Joslin Memorial Library during fall foliage. Photo: Jeff Knight

On Thursday, September 15, at 6:30 p.m. the Joslin Memorial Library is hosting four local authors. Lee Hall Delfausse, author of “Snow Sanctuary,” Amiee Hoben, author of the “Third Way,” Mary Kathleen Mehuron, author of “Fading Past” and “The Opposite of Never,” and Catherine Drake, author of “The Treehouse On Dog River Road” will share a bit about their books and their journey as writers. This event will take place inside the library. Everyone is welcome. Light refreshments will be served.



South Dakota college student Arden Firth is brave enough to take on the rigged political system and corporate America. Despite her fear of public speaking, she becomes the leader of a movement to abolish corporations in South Dakota, joining forces with a mysterious law student to push South Dakota Ballot Initiative 99. But dark money and power won’t go quietly and forces conspire to destroy their work.

Hoben, who has worked as a land conservation lawyer and in-house counsel at a Fortune 500 corporation, brings a unique perspective to this coming-of-age novel that provides a thought-provoking counter to the reviled 2010 Citizens United case declaring corporations to be “persons”


Twenty-eight-year-old Hannah Spencer wants nothing more than to change everything about her life. Recently laid off from her depressing job in Boston and ready for a challenge, Hannah heads to Waterbury, Vermont, for the summer to take care of her sister’s kids and do some serious soul searching. There, she embarks on an ambitious project: building a treehouse for her niece and nephew. As she hammers away, she formulates a plan to jump-start her life with a new job out west. Her next-door neighbor, Nathan Wild, has just moved back to Vermont. Will he complicate her desire to change course?

Catherine Drake worked for many years in the land conservation field developing public outdoor recreation areas and preserving forests and farmland for future generations. After raising two daughters, she and her husband moved to Vermont where she writes and has been active in the environmental community by serving on the local land trust and conservation commission.



Two intertwining love stories show that life is mostly a mixed bag: Devastated by the loss of their spouses, Georgia and Kenny think that the best times of their lives are long over until they find each other. Teenagers Zelda (Kenny’s stepdaughter) and Spencer fall in love at first sight yet fall prey to and navigate opiate addiction together. Set in Vermont, it ultimately reveals that love and real contentment can happen at any point, but happy endings are often a surprise.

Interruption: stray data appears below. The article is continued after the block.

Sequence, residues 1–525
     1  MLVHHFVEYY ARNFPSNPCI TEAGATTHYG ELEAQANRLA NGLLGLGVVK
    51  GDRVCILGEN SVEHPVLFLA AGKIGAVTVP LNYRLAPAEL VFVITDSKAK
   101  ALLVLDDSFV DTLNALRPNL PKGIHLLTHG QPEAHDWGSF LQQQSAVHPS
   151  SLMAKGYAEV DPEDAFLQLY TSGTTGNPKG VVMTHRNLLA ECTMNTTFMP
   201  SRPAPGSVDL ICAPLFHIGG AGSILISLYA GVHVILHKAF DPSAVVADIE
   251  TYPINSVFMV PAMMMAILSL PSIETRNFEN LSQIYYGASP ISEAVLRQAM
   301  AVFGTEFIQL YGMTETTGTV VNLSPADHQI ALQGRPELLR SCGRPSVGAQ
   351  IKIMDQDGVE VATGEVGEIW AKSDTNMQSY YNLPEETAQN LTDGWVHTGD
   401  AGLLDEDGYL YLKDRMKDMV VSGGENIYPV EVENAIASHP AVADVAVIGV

Mary Kathleen Mehuron lives and teaches in a ski town in Vermont where everyone calls her Kathy and she and her husband raised three sons. She has a weekly column in her local newspaper, The Valley Reporter, called Take Me Back. The Vermont Arts Council recently gave her an artist development grant and she is using it to grow the column into a non-fiction book to benefit the Mad River Valley historical societies.


Avalanches, injury, paralysis, death, loneliness -- all part of international ski racing -- are predictable dangers compared with the corruption of coaches. Lia Erickson learns how to grapple with these challenges in her ski journey through the Sierra Nevadas and the European Alps, eventually gaining courage from her teammates and herself.

Lee Hall Delfausse, a graduate of UC Berkeley, Phi Beta Kappa, and a postgraduate in Journalism and American Literature, now lives in Vermont and is a member of The League of Vermont Writers. As a former member of the U.S. World Cup ski team, for four years she enjoyed the travel, the friendships, the challenges, all while learning to overcome the dangers, the injuries, and the conflicts. Her novel "Snow Sanctuary" is a compilation of the many stories she gathered from her teammates. Having coached both skiing and tennis for years, she now wants to inform female athletes and parents about the subtle dangers that can arise when coaches are unsupervised.